Vitamin B2 (Riboflavin) Benefits, Dietary Sources, Deficiency, Side Effects

Photo by Christine Siracusa on Unsplash

Vitamin B2, also known as riboflavin, is one of the eight B-complex vitamins. Like other B vitamins, it plays a role in energy production in the body, but also has many other important uses. Riboflavin is a well-absorbed water-soluble vitamin, which has a key role to play in maintaining overall human health. Below are listed its major health benefits.

Health Benefits Of Vitamin B2 (Riboflavin)

1. Helps Support Eye Health

Studies have shown that riboflavin deficiency increases the risk for certain eye problems. Vitamin B2 can help prevent eye disorders including cataracts, keratoconus, and glaucoma. Research has shown a correlation between people who consume plenty of riboflavin and decreased risks for eye disorders that can appear as someone ages.

To treat eye disorders, riboflavin drops are applied to patient’s corneal surface who suffer from glaucoma, allowing the vitamin to penetrate through the cornea and to increase the strength of the cornea when used with light therapy.

2. Increases Blood Circulation

Vitamin B2 is essential for the formation of fresh red blood cells and antibodies in humans, which increases circulation and oxygenation to various organs of the body.

3. Protects Healthy Skin and Hair

Riboflavin plays a key role in maintaining levels of collagen, which is needed to maintain the young structure of skin and also prevent wrinkles and fine lines. Low levels of this vitamin can result in premature aging. Some studies suggest that riboflavin can decrease the time required for healing wounds, provide relief from skin inflammation and chapped lips, and can help automatically slow down signs of premature aging.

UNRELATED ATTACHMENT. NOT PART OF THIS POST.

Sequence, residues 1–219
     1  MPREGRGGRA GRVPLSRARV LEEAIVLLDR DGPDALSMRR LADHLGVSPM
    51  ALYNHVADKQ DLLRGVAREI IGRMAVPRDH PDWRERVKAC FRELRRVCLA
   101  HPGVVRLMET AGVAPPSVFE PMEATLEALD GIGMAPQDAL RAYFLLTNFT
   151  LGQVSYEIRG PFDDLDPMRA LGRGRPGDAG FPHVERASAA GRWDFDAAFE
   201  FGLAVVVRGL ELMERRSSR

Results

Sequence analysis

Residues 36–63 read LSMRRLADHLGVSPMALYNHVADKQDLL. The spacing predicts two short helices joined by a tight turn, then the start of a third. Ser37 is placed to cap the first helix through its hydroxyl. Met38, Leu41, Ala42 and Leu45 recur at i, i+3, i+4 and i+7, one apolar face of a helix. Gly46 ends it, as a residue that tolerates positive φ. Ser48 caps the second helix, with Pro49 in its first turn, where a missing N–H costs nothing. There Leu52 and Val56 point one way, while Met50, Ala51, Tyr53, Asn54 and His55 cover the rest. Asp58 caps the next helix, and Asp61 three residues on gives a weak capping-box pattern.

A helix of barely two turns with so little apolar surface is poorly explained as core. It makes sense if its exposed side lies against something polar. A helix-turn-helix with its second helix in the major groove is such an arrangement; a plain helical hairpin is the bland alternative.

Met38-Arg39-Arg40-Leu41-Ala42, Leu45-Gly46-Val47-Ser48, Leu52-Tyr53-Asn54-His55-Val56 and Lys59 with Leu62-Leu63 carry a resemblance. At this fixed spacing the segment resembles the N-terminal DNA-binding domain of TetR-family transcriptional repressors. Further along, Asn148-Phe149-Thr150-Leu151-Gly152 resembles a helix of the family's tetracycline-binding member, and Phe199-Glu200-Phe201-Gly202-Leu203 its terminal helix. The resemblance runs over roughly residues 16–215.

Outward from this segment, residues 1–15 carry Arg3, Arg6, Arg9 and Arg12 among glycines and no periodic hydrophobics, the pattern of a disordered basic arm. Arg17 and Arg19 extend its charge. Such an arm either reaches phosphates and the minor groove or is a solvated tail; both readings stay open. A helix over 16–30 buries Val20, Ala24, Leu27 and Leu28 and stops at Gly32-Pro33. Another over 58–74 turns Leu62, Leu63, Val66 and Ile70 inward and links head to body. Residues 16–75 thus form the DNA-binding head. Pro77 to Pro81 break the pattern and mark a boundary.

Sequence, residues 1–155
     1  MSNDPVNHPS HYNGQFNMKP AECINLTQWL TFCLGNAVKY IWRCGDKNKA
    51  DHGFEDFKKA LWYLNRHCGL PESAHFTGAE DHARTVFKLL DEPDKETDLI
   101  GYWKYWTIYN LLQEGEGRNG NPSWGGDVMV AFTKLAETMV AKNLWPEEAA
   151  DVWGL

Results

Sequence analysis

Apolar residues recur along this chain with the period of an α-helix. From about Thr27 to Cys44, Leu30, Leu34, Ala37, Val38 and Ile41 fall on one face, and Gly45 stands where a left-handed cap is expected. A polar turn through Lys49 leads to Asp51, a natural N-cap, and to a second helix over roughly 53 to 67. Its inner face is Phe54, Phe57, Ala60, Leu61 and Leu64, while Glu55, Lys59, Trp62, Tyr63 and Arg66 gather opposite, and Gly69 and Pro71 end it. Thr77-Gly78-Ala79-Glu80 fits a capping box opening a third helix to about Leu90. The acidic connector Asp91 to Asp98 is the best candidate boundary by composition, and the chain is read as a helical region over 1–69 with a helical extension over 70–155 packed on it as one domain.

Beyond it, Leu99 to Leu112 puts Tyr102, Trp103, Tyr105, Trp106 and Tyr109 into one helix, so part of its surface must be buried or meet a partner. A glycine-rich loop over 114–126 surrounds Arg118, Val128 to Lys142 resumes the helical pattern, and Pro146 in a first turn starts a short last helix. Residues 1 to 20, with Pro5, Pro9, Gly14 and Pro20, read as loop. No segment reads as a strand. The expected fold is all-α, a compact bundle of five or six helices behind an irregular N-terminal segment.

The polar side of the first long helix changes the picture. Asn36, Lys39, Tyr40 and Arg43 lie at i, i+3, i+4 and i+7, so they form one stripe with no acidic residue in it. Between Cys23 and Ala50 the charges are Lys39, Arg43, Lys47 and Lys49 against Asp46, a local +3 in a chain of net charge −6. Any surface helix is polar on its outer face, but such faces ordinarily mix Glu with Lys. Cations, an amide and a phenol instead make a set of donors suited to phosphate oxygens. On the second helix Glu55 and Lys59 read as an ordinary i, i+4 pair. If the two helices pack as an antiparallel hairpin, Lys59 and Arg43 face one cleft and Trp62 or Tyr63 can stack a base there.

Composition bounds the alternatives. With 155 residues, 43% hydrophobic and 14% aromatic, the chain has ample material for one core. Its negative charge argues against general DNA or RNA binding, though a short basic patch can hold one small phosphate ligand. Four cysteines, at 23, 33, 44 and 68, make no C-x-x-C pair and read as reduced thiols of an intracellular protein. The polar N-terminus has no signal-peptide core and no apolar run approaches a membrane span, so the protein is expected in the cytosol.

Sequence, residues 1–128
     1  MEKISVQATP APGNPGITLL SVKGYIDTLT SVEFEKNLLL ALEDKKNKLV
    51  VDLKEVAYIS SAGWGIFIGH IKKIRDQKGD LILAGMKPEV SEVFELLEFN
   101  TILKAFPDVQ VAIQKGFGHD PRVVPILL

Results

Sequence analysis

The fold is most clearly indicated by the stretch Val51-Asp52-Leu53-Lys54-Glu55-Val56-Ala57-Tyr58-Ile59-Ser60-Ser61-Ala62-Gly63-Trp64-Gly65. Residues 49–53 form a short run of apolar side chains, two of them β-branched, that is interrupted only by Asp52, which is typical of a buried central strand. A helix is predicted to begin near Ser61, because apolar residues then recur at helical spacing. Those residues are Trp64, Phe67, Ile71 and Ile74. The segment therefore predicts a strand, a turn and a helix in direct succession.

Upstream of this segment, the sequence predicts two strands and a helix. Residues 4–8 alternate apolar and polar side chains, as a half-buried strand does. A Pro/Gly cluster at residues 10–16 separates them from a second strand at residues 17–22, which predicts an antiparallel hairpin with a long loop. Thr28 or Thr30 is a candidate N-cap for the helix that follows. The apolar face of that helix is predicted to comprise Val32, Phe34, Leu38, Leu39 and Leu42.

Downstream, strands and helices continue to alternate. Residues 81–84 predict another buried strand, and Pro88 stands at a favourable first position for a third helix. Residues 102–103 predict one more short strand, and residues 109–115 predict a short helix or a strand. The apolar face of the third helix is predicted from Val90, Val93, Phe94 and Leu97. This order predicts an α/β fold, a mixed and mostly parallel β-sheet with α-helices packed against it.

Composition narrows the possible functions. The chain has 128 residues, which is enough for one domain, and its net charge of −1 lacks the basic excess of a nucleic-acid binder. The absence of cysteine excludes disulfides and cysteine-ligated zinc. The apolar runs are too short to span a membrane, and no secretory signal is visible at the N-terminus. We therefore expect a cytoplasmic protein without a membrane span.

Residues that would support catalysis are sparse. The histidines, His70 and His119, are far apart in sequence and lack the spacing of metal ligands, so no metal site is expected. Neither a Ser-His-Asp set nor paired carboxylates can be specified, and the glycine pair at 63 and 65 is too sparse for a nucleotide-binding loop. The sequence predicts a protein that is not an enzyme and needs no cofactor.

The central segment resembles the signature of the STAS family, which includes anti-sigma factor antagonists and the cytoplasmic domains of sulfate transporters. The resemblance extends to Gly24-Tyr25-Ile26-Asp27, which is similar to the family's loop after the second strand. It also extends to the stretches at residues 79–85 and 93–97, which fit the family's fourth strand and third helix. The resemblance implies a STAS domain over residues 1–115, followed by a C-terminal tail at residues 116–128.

4. Vitamin B2 Plays a Protective Role in Bones

B2 and other B vitamin play a protective role in bone health. In an experimental study, those who had the lowest intake of Riboflavin had a higher chance of getting fractures. Increased intake of Riboflavin leads to more bone mass density in the neck.

5. Protects the Nervous System

Like other B vitamins, vitamin B2 has a protective effect on the nervous system. The nervous system is the headquarters that controls all the body’s processes. That is why it is so important to keep the nervous system functioning properly. Disorders that are connected to the nervous system are Alzheimer’s disease, sclerosis, anxiety, depression, and even epilepsy. Riboflavin can also be used to help to alleviate the symptoms of any existing nervous disorders.

6. Prevents Anemia

Vitamin B2 is required for the synthesis of red blood cells (RBCs) that carry oxygen throughout the body. It also plays a role in absorption of iron, a mineral responsible for binding oxygen. Therefore, low levels of B2 can also lower the levels of iron in the body, causing fatigue and tiredness due to development of anemia.

Dietary Sources of Riboflavin

Vitamin B2 is water soluble, so cooking foods can cause it to be lost. About twice as much B2 is lost through boiling as it is through steaming or microwaving. Enjoy raw food when possible. Here are some of the best food sources of B2: